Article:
Tag Archives: Birds

Genomics of Hybridization – Part 1

In a series of articles, I will discuss recent advances in hybridization genomics – the fundamentals of adaptive introgression, “islands of speciation”, differential gene flow, and linked selection have been discussed in my previous posts (here, here, and also at … Continue reading

Posted in adaptation, evolution, genomics, methods, natural history, next generation sequencing, pedigree, phylogenetics, plants, population genetics, RNAseq, software, speciation, species delimitation, STRUCTURE, theory, transcriptomics | Tagged , , , , , , | Leave a comment

On background selection in Ficedula flycatchers

Several recent studies (including those I wrote about last week) use genome-wide scans of differentiation to understand evolutionary mechanisms behind high or low divergence. However, there has been contentious support for and against these differentiation islands being due to differential … Continue reading

Posted in adaptation, Coevolution, evolution, genomics, natural history, population genetics, selection, speciation, theory | Tagged , , , , , , | Leave a comment

Fossils and phylogenetics meet in the evolutionary middle

…if evolutionary biologists are intent on documenting the history of life, we need methods that can at least approximate patterns of evolution in deep time for clades without fossil information. A scientists who wants to understand the evolutionary history of … Continue reading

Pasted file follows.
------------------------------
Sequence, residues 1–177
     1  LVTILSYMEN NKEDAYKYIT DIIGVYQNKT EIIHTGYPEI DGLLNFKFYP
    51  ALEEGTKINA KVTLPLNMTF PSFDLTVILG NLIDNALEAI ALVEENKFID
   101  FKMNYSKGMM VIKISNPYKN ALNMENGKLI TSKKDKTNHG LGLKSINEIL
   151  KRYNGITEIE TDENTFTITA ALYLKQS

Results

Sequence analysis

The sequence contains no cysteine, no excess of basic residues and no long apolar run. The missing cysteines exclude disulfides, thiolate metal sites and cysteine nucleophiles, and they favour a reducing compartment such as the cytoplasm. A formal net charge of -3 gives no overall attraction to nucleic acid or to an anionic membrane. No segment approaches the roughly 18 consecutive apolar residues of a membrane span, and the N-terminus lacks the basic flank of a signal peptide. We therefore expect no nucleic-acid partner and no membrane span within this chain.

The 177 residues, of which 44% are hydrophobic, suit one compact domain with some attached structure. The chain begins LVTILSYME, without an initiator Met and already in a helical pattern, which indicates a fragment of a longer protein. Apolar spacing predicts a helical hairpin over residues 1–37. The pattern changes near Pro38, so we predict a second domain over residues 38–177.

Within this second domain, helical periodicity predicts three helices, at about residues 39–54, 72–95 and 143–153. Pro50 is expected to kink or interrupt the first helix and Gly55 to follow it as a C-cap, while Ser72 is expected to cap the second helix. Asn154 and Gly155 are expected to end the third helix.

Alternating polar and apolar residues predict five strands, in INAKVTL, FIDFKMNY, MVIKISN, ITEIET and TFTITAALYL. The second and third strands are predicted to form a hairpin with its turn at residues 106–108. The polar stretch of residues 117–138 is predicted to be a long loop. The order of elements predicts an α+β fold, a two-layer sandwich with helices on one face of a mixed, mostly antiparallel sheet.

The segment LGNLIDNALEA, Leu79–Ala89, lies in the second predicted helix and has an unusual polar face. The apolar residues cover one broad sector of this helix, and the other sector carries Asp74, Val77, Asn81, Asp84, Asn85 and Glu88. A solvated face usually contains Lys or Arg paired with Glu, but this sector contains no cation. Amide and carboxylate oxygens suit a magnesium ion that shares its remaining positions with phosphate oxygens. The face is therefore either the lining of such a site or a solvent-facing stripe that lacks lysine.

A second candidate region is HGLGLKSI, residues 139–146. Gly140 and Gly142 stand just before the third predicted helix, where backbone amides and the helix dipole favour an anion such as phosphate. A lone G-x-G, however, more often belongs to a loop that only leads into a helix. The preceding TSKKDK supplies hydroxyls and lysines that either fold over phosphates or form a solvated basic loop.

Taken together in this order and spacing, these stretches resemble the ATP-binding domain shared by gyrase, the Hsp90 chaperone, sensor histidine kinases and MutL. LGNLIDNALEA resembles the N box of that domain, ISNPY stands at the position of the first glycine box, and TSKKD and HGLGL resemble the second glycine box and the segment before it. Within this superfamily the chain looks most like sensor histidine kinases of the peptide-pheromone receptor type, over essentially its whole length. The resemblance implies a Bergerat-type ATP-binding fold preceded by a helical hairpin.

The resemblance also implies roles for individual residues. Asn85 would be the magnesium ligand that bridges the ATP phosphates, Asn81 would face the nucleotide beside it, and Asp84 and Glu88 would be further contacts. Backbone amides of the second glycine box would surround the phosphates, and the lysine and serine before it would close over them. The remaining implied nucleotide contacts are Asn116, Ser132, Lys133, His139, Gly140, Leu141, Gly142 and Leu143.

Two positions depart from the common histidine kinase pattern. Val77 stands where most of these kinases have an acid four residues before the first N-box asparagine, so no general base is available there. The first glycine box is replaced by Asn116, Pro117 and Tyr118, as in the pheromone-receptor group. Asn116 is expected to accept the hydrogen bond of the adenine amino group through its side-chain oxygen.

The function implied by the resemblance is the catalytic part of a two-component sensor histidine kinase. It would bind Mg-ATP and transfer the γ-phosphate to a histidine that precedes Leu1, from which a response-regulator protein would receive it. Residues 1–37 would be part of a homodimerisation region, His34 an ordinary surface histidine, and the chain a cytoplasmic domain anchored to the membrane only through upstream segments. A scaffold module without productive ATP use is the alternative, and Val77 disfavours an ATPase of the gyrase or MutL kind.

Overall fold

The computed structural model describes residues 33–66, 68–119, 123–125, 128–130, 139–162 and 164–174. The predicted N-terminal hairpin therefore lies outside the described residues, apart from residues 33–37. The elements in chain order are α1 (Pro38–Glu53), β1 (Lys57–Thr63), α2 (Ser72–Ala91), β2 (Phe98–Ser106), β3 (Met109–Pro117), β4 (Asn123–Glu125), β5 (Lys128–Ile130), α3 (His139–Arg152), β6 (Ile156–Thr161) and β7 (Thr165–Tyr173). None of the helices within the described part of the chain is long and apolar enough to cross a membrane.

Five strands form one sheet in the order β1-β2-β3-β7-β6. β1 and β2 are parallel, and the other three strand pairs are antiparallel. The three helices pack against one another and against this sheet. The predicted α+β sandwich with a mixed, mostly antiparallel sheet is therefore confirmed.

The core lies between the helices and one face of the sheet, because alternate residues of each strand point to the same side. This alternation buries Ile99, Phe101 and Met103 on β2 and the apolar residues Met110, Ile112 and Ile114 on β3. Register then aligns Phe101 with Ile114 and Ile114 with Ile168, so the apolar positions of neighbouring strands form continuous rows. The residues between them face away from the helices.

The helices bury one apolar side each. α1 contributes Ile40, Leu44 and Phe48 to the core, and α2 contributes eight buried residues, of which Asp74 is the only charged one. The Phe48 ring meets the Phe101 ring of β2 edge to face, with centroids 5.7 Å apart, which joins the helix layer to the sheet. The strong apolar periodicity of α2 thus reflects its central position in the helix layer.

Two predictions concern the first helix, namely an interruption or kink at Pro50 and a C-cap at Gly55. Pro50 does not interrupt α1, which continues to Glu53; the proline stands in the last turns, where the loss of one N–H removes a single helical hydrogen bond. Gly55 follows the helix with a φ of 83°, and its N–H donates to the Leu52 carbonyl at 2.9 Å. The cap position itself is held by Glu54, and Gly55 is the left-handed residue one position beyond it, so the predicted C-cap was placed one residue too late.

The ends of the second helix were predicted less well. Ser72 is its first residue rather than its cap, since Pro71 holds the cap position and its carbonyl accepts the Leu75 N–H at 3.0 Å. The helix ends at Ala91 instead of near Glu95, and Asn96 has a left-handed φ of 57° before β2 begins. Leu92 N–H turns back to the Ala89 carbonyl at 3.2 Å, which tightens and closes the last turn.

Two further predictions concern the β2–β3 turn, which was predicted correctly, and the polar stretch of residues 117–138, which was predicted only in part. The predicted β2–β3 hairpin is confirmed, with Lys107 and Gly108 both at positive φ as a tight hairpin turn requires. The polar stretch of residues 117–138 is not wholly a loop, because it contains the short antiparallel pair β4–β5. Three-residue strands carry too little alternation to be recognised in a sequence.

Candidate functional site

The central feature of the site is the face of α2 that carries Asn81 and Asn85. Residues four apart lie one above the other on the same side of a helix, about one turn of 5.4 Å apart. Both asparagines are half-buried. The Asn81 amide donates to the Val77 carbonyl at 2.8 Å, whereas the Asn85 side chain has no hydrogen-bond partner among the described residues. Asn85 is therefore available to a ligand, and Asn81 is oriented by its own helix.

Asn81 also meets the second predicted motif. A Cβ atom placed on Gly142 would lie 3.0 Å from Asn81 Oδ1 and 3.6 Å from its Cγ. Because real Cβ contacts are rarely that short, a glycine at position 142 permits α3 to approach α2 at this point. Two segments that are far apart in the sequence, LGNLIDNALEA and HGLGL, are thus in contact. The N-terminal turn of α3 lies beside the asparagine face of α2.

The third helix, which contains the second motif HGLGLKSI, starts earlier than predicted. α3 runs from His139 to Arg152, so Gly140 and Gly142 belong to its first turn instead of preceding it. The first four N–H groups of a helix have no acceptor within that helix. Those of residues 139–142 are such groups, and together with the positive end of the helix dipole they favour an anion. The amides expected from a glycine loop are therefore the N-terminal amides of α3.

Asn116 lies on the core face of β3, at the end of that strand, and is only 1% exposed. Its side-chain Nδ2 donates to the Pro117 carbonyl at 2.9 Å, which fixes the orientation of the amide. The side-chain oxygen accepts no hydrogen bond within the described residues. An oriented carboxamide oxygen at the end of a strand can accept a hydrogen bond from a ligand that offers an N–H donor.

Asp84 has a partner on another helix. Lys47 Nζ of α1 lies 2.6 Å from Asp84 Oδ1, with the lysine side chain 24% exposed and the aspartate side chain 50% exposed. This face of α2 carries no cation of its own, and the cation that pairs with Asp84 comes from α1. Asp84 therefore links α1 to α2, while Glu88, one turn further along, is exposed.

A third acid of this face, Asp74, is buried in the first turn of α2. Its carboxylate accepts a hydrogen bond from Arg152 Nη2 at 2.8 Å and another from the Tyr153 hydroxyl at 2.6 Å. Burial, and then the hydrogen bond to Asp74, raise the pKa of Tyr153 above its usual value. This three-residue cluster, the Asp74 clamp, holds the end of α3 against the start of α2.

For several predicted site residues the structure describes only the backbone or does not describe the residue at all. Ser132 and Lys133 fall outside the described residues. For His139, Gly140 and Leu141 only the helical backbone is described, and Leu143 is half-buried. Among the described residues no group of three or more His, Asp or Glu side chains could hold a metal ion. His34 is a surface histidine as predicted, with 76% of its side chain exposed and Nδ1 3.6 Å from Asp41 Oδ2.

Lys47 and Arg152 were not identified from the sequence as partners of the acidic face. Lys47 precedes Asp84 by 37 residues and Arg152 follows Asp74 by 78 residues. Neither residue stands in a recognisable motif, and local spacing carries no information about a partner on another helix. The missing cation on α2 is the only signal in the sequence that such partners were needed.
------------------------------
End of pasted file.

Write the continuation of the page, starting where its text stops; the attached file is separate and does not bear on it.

Posted in phylogenetics | Tagged , , | 2 Comments

Adapting to the new wave of isolation by environment

Isolation by environment, not distance, explains the genetic relationship between an avian taxon among Madrean Sky Islands, according to a new study appearing in Molecular Ecology by Manthey and Moyle. The authors throw the kitchen sink of new analyses at a combination … Continue reading

Posted in adaptation, Molecular Ecology, the journal, phylogeography | Tagged , , | 1 Comment

C.L. Gloger’s favorite owl

Biologists love clines. We’ve been mentally masticating on clines for decades. Clines in body size. Clines in color. Clines in heart size! Clines that go in circles! Recognizing clinal patterns in phenotypes or genotypes is fun, but discovering the mechanisms behind … Continue reading

Posted in adaptation, Molecular Ecology, the journal, population genetics | Tagged , , | Leave a comment